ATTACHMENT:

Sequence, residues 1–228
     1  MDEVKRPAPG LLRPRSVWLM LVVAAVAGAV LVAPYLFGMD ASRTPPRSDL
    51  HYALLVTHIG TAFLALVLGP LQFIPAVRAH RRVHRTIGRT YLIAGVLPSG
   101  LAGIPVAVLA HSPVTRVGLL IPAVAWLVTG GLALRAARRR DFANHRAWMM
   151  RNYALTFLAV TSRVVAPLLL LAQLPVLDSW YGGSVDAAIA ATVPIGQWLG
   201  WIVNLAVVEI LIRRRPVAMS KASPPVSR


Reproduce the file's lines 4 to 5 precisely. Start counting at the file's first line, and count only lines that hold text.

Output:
   101  LAGIPVAVLA HSPVTRVGLL IPAVAWLVTG GLALRAARRR DFANHRAWMM
   151  RNYALTFLAV TSRVVAPLLL LAQLPVLDSW YGGSVDAAIA ATVPIGQWLG